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November 10, 2010 | Jim Killock

Phorm Interception consultation released in silence

The Home Office has been forced to take action to change UK law, following the Phorm case, to ensure that citizens are properly protected against private interception.

Phorm attempted to sell technology to BT and other ISPs that intercepted web traffic and digested it to find keywords to create advertising “channels”. When complaints were made, citizens found there was had no official body that would investigate.

The Home Office have this week published a consultation to change RIPA to take account of the EU’s complaints and court action.

Startlingly, the Home Office’s consultation has been issued in breach of guidelines, with a less than the 12 weeks that are expected. Released this week, responses are expected by 7 December: giving citizens and civil society just a month to give their answers. ISPs, with a commercial interest at stake, have however been fully informed, we are told.

To make matters worse, the consultation is not linked to from the Home Office consultation page, nor is it being publicized in any way.

The consultation is about a very serious matter. What rights should we have as citizens to take legal action against people who intercept our communications? Should criminal as well as civil charges be available? Who should investigate?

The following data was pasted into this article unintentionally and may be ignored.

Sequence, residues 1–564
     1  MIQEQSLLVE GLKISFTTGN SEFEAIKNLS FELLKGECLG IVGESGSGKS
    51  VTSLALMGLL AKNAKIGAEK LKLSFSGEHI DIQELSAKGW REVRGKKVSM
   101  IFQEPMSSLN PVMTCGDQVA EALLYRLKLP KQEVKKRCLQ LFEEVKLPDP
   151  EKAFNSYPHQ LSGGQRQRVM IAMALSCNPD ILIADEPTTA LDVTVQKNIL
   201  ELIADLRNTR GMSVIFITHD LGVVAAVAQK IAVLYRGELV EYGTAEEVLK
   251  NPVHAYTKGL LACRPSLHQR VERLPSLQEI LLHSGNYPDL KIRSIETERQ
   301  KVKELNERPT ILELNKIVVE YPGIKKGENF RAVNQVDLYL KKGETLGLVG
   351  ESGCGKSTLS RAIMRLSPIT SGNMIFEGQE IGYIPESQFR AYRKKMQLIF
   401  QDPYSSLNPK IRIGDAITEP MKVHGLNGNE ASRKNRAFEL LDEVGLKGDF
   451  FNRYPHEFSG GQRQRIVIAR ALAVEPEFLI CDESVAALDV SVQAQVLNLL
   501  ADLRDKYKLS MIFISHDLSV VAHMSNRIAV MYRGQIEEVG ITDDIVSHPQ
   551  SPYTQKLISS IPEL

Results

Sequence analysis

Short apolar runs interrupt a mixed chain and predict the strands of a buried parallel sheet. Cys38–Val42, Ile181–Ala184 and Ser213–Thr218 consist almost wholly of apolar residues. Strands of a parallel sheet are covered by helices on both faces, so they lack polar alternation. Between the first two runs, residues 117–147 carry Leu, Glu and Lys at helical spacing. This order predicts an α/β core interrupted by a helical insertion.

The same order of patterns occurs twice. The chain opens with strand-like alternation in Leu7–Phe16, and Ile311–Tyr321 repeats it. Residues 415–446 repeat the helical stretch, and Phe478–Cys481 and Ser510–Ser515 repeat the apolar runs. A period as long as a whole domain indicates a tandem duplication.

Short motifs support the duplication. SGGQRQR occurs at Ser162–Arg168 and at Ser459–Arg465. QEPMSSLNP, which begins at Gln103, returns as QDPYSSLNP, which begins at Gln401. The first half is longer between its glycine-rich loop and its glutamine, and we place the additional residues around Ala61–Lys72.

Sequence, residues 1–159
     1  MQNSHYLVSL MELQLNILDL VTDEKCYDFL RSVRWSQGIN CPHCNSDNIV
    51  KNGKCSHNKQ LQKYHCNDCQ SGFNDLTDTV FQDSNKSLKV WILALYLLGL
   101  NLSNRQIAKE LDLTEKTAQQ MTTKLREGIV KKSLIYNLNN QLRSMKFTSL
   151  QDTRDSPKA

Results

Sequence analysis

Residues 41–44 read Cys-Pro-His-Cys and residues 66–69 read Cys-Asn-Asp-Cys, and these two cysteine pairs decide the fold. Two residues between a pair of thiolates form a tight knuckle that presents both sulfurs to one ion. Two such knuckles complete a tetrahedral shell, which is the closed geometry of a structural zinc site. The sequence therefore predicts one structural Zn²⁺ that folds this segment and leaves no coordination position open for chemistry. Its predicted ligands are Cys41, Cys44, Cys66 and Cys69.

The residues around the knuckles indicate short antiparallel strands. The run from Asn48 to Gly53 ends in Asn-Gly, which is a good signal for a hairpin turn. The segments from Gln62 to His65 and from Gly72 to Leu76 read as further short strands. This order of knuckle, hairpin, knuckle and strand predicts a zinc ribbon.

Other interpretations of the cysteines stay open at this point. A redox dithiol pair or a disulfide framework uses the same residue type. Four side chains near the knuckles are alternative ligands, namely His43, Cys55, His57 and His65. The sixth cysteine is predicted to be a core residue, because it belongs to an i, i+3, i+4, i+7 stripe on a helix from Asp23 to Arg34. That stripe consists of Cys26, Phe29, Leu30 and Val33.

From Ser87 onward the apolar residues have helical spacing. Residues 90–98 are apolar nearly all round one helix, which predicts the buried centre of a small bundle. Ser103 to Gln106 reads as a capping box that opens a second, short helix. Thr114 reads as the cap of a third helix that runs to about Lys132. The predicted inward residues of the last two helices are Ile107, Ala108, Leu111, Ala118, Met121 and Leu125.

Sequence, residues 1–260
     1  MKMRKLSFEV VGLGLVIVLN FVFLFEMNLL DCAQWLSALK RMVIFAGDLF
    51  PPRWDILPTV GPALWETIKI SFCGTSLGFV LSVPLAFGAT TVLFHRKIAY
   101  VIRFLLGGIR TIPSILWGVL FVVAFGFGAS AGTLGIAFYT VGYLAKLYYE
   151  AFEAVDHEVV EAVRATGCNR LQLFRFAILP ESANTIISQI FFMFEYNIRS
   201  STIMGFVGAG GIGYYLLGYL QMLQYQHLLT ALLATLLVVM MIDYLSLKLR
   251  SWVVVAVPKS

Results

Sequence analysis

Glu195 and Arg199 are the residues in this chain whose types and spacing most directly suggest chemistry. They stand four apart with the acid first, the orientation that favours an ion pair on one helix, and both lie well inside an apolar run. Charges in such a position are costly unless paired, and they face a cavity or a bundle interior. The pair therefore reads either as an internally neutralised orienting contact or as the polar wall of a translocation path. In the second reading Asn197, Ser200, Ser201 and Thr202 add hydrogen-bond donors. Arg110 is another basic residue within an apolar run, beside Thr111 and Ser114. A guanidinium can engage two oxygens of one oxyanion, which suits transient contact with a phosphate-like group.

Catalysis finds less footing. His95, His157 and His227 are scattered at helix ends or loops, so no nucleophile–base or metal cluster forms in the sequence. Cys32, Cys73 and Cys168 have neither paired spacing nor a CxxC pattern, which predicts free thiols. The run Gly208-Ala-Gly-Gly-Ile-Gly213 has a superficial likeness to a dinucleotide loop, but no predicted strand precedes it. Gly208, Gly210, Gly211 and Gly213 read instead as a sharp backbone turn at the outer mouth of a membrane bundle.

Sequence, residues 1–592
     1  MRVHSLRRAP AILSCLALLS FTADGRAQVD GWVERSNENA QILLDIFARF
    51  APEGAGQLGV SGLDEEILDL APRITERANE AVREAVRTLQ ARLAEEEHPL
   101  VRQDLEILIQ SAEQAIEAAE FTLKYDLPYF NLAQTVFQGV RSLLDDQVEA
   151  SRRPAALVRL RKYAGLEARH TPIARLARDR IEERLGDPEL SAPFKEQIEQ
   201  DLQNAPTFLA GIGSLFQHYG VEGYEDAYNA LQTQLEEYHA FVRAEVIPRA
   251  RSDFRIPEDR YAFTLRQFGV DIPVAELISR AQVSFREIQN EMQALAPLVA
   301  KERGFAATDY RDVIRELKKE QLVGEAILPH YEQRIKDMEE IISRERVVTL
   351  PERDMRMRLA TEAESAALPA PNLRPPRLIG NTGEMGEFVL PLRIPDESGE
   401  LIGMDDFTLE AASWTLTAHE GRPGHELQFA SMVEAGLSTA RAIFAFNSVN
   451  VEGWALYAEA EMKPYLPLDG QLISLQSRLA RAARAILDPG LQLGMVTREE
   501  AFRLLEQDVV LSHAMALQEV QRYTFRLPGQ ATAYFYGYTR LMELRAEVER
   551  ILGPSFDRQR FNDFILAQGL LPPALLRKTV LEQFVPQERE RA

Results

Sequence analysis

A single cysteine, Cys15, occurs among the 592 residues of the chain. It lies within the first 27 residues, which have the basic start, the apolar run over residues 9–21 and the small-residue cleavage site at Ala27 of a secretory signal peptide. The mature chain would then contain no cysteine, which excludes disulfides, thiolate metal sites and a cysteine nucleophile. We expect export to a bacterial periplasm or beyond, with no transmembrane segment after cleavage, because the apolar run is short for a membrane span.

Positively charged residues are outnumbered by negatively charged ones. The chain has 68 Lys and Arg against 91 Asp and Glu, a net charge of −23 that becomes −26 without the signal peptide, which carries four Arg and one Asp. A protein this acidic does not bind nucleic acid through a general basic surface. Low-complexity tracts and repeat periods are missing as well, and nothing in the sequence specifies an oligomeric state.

This is the latest incident a series of Home Office botches regarding Phorm. During the Phorm trials, they gave incorrect legal advice to BT and Phorm stating that the interception their system involved was legal. Officials then denied that their advice was in fact legal advice. Home Office officials then failed to ensure that action was taken when it demonstrated that illegal trials took place.

They failed to take action when Vivian Reding threatened legal action in 2009 – despite reviews of RIPA taking place under Labour and the coalition. Now they have finally been forced to take action, and they have brushed the review under the carpet, with inadequate time for consultation.

The Coalition promised to protect our privacy against the surveillance state: they now need to get a grip of Home Office officials before further botches are made.

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